Every time you step into a Lojal show, there’s an incomparable, electric energy of anticipation. No matter how many times you’ve listened to his songs, there’s always something new that he introduces to each of his performances. Since his debut on the indie music scene, he’s set himself apart from his contemporaries by channelling a sound that is both fresh and dynamic, yet somehow intimately familiar.
Every chord, lyric and melody he puts into his music is an amalgamation of his life experiences, the world and the people around him, as well as his eclectic musical influences that range from all the way from jazz standards to Gospel classics to blues and folk mainstays. The poignancy and emotional weight in his songwriting reels you into a live show; taking you on a sonic journey that peaks and troughs like a raging river; leaving you with the unshakable feeling that you’re witnessing something rare and magical.
There are not a lot of artists that do it quite like Lojal, so we decided to find out a little more about the hows, the whats and the whys of the man behind the magic.
You occupy a unique space across the Indian music landscape and the way that you’re able to amalgamate a retro, almost bohemian aesthetic with a sound that’s remarkably fresh is something that not many artists are able to do. How do you define your sound and what are some of the things that have influenced it?
Firstly, thank you for having me. It’s an honour and also for the kindly framed first question.
When I was a little child, around three years young, my parents would often be away from home and for the most part, I’d spend time alone between waiting for them to come home or having relatives come over. That’s where I first remember singing to the wind, sky, rain, etc., and naturally began to place my emotions in melodies. It was where I would run to every time the real world became too real or unlikeable — when my parents fought, or a relative died, or my parents whooping my ass, or when I felt insecure and scared, angry and apprehensive. My emotions became music before I even realised how music would influence my life.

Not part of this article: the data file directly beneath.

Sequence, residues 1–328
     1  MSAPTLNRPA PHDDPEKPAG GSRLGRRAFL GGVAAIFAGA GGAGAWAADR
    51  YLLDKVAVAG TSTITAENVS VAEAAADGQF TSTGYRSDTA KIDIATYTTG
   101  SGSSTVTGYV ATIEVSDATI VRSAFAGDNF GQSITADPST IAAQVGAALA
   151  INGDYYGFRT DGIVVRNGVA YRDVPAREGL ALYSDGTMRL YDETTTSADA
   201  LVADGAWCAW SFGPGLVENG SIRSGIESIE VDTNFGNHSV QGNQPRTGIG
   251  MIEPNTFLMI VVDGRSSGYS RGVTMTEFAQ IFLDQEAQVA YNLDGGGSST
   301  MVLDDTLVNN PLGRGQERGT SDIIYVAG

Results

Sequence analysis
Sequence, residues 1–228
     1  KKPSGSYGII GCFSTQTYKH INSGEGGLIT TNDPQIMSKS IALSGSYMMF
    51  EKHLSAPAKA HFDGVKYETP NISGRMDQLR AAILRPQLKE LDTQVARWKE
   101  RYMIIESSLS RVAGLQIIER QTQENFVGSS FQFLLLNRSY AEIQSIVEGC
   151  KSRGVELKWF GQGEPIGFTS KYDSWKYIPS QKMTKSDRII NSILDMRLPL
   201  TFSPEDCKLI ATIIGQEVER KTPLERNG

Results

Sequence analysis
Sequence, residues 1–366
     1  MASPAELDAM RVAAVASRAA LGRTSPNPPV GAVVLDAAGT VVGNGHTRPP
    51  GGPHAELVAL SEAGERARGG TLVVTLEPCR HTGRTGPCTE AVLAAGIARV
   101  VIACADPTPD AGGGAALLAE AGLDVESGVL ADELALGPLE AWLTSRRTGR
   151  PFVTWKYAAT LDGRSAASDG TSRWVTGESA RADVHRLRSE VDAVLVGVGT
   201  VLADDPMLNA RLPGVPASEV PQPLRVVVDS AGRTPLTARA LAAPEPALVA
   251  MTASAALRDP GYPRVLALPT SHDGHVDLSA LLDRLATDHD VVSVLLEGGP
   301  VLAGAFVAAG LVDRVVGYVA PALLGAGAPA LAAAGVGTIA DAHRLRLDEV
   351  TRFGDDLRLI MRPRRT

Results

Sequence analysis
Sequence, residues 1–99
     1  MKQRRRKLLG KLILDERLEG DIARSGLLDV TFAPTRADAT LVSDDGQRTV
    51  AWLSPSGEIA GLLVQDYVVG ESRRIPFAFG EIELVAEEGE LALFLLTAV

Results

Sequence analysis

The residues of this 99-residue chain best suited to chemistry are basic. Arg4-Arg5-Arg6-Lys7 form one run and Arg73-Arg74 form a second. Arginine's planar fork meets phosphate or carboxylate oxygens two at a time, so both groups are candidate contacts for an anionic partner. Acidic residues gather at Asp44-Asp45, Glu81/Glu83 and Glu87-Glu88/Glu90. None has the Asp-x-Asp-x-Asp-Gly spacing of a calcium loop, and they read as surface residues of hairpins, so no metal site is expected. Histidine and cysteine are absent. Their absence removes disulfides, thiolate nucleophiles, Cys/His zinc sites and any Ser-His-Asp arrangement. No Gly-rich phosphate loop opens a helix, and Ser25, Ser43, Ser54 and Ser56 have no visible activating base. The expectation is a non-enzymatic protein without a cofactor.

I wanted to share that bit of myself to help you and the dear readers understand that for me, my music is heavily emotionally driven. Most of the time, that comes first for me and definitely heavily drives the defining factor of my music and my identity. My sound is an escape to silence, a resounding scream in a busy street, a dance of celebration by a lifeless body, a warm touch in burning ice, and that escape becomes the voice of silence. All inspired by many, many forms of music, voices, feelings, people and ghosts that have become a part of me.
Thus, it wouldn’t be fair to the emotions, experiences and the feelings I had and the ones that are to still to come to limit my sound to a definition. My human influences are constantly growing and changing too and to be really honest, most of my favourite ones are one phone call away and they are all freaks. They’re fucking awesome people doing their own little experiments and living. I love them all very much.
How do you see your music evolving going into the future? Are you an artist who believes in constantly changing things up from album to album or do you prefer to let things happen more organically and go with the flow? Are there any new styles or genres of music that you’re looking to explore?